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Breakfast Series Recap: Designing Your Best Emails

Sending good emails is crucial to citizen engagement and a positive citizen experience. However, most individuals receive up to 100 emails a day, making it difficult for agencies to break through the clutter and make their emails stand out.

At GovDelivery’s recent breakfast series, How to Design Great Emails, Allison Hamilton, Federal Client Success Consultant at GovDelivery, discussed some ways you can design the most effective emails at your agency.

The Anatomy of an Email

In order to improve citizen engagement, agencies must give citizens a cohesive experience, develop relevant content, provide a clear and visual call to action, build mobile platforms, and incorporate action verbs. And while most readers see emails as a single entity, there are a lot of components that go into an email that you can use to enhance citizen engagement:

From Name: The from name in your emails should be something that your audience trusts and is familiar with and tailored to your organization or department. Hamilton explained that this is the first thing people see in an email and if it does not resonate with an outside audience, they will be less likely to open the email.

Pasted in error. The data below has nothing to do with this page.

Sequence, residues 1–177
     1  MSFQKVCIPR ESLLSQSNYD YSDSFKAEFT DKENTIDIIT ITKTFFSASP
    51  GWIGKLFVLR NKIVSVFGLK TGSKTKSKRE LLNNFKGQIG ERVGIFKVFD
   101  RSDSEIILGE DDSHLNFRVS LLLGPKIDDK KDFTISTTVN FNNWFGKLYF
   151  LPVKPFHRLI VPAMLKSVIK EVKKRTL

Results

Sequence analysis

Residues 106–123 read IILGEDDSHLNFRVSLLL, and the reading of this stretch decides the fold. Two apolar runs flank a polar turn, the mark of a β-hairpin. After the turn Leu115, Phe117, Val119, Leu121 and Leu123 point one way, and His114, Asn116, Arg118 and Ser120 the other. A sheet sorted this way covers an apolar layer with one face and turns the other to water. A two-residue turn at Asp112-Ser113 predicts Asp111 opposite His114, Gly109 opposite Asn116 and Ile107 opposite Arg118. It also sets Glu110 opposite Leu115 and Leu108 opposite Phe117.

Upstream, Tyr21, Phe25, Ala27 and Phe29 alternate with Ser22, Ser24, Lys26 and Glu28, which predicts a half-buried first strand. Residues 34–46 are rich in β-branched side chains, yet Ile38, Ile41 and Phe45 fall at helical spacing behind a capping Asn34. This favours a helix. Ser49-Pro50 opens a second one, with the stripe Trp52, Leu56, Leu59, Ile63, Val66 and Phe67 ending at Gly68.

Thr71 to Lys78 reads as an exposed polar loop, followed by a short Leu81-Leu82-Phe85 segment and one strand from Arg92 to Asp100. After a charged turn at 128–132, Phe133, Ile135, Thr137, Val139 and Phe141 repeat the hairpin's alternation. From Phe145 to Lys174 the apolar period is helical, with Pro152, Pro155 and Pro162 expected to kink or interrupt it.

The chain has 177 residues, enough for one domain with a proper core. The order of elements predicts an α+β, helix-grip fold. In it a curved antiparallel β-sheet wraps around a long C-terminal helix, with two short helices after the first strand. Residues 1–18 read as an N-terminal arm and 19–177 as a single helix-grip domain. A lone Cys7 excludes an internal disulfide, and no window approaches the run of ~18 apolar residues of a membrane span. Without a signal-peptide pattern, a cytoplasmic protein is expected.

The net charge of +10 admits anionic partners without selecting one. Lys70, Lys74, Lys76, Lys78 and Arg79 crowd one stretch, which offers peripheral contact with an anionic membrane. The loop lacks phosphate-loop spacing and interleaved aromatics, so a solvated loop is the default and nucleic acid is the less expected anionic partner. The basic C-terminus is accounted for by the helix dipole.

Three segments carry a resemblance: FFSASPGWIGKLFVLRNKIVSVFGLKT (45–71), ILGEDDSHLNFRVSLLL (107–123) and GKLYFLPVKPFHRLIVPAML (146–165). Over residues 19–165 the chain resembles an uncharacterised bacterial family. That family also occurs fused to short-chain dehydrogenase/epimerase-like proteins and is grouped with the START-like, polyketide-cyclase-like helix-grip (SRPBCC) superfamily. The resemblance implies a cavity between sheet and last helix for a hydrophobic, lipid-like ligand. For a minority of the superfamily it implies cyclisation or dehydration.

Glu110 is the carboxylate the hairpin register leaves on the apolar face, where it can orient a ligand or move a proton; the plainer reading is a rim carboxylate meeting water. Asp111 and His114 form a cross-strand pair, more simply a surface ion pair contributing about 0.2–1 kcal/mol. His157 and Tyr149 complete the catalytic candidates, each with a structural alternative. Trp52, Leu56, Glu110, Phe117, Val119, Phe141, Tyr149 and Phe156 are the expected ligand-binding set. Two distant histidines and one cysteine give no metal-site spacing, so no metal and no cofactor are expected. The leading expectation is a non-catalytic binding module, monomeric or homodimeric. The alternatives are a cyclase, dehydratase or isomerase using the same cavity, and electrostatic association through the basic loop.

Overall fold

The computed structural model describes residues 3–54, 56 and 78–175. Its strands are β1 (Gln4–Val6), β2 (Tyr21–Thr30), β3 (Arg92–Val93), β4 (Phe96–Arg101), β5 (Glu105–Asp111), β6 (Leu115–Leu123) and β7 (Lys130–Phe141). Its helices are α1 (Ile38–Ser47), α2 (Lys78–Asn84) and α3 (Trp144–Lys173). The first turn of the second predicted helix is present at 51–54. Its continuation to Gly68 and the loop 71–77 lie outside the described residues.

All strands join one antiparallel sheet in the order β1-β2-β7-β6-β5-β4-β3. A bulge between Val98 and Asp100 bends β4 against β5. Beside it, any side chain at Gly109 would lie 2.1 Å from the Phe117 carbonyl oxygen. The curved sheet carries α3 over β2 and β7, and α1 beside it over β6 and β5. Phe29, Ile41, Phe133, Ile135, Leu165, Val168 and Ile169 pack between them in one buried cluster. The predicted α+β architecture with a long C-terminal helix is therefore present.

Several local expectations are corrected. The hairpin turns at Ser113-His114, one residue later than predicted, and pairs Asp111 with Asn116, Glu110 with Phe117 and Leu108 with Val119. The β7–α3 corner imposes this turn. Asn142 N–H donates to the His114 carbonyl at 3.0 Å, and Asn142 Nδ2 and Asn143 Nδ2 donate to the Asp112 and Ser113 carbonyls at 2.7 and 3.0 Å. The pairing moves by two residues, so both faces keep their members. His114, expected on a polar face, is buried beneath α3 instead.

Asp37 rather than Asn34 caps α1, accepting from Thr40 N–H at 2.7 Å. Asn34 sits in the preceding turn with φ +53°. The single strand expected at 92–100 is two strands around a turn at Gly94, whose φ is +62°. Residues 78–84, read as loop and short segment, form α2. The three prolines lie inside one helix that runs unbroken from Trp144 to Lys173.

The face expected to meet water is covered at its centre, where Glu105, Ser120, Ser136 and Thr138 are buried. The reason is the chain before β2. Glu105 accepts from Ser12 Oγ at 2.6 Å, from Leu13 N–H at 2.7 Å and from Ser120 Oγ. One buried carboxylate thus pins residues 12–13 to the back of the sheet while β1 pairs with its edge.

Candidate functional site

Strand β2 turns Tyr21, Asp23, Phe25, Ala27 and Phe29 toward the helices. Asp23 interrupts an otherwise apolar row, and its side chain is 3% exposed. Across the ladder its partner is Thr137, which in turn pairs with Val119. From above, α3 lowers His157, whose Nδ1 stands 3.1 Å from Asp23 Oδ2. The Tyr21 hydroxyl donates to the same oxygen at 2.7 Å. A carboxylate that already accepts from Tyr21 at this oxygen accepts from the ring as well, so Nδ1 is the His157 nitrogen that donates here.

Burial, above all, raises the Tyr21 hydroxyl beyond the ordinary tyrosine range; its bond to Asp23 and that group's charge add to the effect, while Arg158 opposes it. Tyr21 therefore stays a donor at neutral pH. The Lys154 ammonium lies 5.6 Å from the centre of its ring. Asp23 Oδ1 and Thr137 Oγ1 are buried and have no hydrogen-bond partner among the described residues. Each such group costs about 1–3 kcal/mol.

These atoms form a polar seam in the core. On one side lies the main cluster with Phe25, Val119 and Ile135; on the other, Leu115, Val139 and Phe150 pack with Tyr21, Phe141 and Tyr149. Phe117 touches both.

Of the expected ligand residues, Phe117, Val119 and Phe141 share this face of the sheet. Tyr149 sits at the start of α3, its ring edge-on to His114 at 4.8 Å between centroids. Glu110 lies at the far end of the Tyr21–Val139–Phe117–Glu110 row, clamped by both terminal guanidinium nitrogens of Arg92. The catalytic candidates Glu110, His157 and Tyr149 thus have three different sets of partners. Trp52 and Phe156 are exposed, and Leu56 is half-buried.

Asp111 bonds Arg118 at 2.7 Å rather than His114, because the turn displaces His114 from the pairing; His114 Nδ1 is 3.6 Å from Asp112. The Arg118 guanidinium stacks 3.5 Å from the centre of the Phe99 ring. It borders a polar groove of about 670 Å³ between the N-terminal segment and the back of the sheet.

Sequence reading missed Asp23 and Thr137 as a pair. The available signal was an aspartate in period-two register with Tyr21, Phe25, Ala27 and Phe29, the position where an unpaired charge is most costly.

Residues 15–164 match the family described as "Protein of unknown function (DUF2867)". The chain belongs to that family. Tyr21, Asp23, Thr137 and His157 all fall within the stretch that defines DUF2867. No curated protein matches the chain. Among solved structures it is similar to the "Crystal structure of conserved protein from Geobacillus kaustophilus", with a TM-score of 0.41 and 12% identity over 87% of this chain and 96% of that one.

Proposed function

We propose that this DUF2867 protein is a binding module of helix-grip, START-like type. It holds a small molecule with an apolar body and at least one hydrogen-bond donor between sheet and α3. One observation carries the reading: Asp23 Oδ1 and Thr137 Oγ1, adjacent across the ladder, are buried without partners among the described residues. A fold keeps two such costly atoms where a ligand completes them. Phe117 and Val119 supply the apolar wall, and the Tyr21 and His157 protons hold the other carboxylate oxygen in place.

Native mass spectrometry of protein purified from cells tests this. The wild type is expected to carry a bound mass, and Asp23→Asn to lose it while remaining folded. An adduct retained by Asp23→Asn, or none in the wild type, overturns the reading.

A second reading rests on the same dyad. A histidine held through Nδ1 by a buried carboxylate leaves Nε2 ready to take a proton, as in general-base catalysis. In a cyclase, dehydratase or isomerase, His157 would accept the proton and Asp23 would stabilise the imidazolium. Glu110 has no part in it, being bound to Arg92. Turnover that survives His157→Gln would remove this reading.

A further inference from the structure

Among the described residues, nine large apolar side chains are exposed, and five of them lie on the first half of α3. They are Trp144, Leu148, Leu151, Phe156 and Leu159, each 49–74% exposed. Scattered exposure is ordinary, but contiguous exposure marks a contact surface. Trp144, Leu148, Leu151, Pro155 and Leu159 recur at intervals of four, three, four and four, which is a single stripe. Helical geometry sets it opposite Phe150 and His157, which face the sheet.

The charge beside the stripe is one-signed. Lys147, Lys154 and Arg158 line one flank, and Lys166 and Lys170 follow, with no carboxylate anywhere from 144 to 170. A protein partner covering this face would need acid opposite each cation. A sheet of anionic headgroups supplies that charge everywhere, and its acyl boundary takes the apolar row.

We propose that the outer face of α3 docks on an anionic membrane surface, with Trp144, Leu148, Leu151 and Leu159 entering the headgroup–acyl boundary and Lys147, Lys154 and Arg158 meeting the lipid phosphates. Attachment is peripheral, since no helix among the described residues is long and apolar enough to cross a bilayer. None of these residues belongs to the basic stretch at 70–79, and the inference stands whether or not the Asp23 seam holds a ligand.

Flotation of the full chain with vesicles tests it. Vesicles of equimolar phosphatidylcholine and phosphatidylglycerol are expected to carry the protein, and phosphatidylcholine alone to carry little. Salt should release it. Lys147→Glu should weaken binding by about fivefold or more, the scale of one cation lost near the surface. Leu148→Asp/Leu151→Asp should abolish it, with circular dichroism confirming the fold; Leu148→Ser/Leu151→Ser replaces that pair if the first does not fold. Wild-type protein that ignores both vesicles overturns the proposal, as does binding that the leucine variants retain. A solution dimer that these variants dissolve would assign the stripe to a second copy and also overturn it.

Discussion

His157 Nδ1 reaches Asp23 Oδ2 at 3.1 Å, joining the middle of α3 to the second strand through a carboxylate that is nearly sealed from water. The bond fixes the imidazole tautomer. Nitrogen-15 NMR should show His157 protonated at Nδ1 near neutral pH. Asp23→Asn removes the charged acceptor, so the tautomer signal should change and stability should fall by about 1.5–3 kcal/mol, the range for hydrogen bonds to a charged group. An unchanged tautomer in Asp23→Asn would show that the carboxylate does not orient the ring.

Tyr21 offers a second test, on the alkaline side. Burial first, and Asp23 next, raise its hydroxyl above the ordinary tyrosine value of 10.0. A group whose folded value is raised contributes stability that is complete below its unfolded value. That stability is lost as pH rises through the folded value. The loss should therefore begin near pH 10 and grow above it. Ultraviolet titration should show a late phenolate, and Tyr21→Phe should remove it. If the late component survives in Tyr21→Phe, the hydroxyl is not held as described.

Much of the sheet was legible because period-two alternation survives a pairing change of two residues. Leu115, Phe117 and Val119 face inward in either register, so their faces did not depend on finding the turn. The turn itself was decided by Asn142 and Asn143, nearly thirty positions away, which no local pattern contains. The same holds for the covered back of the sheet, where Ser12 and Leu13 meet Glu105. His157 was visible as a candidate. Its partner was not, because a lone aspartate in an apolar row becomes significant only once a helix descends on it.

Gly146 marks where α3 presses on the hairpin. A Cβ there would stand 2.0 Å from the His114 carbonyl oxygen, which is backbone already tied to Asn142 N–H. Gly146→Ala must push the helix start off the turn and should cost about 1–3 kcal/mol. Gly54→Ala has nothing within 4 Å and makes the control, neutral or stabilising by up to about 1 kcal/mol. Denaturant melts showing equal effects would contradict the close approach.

Subject Lines
: It is critical that subject lines also capture the recipient’s attention. But agencies must be careful with what they put into a subject line. “It is best to keep the subject line concise and in context. Typically, you can only include 50 characters, or 8 words, but you should also be cognizant that many mobile devices only display about 35 characters,” Hamilton explained. The entire subject line should be compelling but it is valuable to frontload the most relevant information.

Preheader Text
: This section of text is a snippet of text placed after the subject line in an inbox. The preheader text is the first piece of content in the body of the email and should build upon the subject line and further compel recipients to open your emails. Hamilton advised making this text customizable to each email so the individuals receiving the emails don’t feel like they are receiving the same ones over and over.

Above the Fold Area
: This part of the email is what is displayed in the preview pane and what your audience will see first when they open the email. The content displayed here is pulled from the top 2-4 inches of the email so it is critical that your most important information is included there. Hamilton recommended including a banner or header that reflects the organizations’ brand identity or the call to action message of the email in this space.

Creating a User-Friendly Design

Once your agency has a better grasp on the specific components of an email, you can work towards creating an overall user-friendly layout. Hamilton gave a few examples of how your agency can work towards this: